Mum, are you sure I’m a girl?

 I remember wondering about this when I was 3 or 4. I had short hair, I had a predilection for boy’s toys and I was unaware of the basic rudiments of gender difference. When I look at photos from that time I can clearly see that I could have been a boy or a girl, especially when I was in shorts and a T-shirt. At the time I use to wonder: “What if I’m a boy and my parents don’t know yet”?

All my hesitations quickly disappeared when I fell in love with my neighbour, who happened to be a boy. Then I wanted to do everything just like him. If he liked chocolate, that was my favourite food; if he was an avid comic reader, so was I. To my mind he would notice my existence if I was the perfect companion for him.

What I’m trying to say is that my gender was constructed in a dialogue between the external and the internal, between the life surrounding me and my own development and needs. It was a complex process that took me a long time.

Nowadays girls don’t have this space. The whole of their experience is merchandised and served up ready to be consumed. Girls wear pink, dress like princesses, use makeup and have a certain way of talking in a high-pitched voice that I find very annoying (it’s a mix between seductive and infantile). As Lucila mentioned a couple of days ago, there has been quite a lot of talk in the UK about the excesses of certain clothing branches , but in fact what the high street is selling is what you can find embedded in our culture.

 Last week I found the courage to devote some time to the feminine task of waxing. Following major negligence on my side (please remember that I’m a feminist and feminists have hairy legs on principle) I decided to go a beauty salon. When I left I picked up a leaflet listing the treatments offered, and what did I find?

 Children’s parties (minimum age 10 years) The party includes everyone getting their nails filed & polished and makeup applied.

 You can call me conservative, old-fashioned or just old, but the whole idea of 10-year-old girls being into polishing their nails and applying makeup give me the creeps.

The way these girls are constructing their idea of woman/girlhood is based exclusively on adornment and accessories. There is no room for them to express ambivalence about their gender because by the time they are 3 years old they are already dressed in pink like princesses.

I think it was healthy at that age to wonder why I was a girl, and more than anything I think it’s important to respect that space instead of immersing girls in the whole pink experience as the only way of constructing their sexual identity. Feeling like a woman or a girl is more than wearing certain garments. By pushing girls into identifying so early with their sex we are not allowing them to explore the boundaries of their sexual identity, preventing them from being the women they want to be in the future.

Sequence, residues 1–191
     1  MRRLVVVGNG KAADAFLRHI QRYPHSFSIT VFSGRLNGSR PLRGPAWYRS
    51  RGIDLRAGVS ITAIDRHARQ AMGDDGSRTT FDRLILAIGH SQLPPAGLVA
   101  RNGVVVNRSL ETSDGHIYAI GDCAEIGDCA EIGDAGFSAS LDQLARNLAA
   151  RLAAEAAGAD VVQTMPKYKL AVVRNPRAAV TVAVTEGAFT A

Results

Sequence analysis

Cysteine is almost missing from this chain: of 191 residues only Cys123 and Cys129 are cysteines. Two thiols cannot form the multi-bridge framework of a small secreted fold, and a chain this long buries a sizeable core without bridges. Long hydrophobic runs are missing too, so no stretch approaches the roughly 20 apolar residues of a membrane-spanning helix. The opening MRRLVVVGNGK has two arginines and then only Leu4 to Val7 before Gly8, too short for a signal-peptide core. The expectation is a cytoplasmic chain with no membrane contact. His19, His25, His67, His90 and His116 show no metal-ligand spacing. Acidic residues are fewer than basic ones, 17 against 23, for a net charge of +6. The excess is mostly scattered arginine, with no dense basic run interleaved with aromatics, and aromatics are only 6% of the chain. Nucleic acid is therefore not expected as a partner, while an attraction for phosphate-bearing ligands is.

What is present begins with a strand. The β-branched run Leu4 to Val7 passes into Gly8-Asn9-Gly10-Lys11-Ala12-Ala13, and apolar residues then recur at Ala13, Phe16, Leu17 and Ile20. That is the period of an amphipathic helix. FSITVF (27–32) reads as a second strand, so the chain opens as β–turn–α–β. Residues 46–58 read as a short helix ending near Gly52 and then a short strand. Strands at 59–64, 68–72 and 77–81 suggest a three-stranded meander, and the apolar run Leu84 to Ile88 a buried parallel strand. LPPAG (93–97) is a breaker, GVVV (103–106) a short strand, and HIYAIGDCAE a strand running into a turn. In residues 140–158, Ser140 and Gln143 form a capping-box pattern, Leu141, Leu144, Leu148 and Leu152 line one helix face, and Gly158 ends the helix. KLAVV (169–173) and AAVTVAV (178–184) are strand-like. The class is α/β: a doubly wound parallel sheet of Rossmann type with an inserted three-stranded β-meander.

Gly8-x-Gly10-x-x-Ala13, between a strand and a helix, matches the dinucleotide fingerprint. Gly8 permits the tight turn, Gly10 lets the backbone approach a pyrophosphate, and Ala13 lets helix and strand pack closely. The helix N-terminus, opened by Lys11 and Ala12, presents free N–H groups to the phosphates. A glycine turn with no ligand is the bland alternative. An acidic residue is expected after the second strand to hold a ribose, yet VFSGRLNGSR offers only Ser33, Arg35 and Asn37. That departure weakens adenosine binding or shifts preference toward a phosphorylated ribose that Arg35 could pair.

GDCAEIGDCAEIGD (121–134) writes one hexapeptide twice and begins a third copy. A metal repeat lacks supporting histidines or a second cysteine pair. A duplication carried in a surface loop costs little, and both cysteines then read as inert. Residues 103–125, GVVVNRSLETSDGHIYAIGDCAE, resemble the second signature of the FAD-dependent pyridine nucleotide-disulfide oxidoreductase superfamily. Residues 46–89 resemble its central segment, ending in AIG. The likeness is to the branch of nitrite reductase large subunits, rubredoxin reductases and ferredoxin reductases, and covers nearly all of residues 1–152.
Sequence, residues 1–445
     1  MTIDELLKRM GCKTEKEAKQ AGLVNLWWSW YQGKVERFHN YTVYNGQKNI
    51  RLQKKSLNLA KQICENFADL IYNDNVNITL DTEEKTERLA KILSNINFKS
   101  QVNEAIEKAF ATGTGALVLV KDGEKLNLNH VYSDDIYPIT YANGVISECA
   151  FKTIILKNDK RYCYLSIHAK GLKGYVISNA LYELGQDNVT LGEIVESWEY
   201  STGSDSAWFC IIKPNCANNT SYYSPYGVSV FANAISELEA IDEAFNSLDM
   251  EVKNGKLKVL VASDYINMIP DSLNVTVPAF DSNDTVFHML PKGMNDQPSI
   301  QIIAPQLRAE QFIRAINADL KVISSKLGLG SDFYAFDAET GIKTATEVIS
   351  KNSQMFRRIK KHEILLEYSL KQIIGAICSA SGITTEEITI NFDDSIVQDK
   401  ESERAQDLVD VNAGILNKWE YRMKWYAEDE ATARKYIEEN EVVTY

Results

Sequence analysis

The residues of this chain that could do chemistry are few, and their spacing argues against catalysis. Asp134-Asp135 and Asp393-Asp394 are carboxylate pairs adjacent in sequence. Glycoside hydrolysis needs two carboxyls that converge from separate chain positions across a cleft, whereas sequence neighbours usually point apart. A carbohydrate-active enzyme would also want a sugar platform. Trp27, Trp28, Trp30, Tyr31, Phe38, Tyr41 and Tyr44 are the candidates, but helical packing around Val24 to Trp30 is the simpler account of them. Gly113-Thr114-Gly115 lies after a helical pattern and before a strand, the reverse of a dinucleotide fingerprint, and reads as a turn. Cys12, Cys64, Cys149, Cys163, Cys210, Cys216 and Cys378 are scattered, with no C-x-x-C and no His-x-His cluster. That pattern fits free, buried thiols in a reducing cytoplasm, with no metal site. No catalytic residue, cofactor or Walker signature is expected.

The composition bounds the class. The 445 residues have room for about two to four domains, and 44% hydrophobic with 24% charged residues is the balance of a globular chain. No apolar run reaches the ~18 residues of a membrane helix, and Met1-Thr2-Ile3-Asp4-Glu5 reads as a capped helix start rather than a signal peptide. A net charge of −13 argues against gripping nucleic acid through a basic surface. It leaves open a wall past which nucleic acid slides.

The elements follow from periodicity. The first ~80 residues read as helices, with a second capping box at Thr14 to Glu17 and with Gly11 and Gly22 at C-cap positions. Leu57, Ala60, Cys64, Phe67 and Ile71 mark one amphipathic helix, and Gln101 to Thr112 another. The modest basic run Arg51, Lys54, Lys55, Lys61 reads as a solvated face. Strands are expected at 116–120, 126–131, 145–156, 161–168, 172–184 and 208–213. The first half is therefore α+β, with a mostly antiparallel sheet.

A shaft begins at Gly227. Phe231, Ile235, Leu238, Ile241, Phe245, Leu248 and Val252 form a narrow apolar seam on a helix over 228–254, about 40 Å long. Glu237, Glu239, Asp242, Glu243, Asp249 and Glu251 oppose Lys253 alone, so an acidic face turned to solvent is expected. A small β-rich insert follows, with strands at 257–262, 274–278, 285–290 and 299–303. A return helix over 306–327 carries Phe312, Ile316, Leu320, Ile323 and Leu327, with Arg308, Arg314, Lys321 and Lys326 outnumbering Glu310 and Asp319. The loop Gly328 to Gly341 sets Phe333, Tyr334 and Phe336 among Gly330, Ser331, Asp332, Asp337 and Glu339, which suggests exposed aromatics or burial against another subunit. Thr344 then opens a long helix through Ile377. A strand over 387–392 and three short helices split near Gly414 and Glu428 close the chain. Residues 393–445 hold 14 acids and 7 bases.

This whole pink and girly culture is about making girls and women vulnerable to other peoples’ opinions about their appearance. Why do you need to dress your baby girl in pink from head to toe if it’s clear that she’s a girl? Well, the answer is that it’s not clear that a girl is a girl until she is 4 or 5, in some cases. But we’re so eager to make them look like a girl or a boy that we can’t wait for them to discover it for themselves. I think this culture is really damaging little girls, but I don’t see any sign of change. Am I too pessimistic?

Natalia

3 responses to “Mum, are you sure I’m a girl?

  1. I think you’ve put it well…the hurry to push kids into identities rather than letting them discover it for themselves is troubling. I find this very challenging, but in a different way – I want to steer my son *away from* gendered cultural norms/influences when all he wants is to embrace them more & more – often before he’s even been exposed to them. I find it very disturbing and, if the truth be known, disappointing.

    Anyway, I wonder if those parents who work so hard to encourage girls to be culturally “girly” or boys culturally “manly” are trying to work out their own unresolved gender identities? Or do they, personally, value spa time so much that they just want their child to share in their own values as soon as possible? Perhaps so that they will establish some common ground now that might grow into a life-long re-connection point for them (as the parent-child relationship can often get rocky down the road)? Of course, that’s not to say that there aren’t plenty of questionable, culturally-instituted, values out there. But, I’m just trying to make some sort of sense of it all.

  2. Pingback: Lipstick and Powder « Adventures in Boogieville

  3. Pingback: Lipstick and Powder « Adventures in Boogieville

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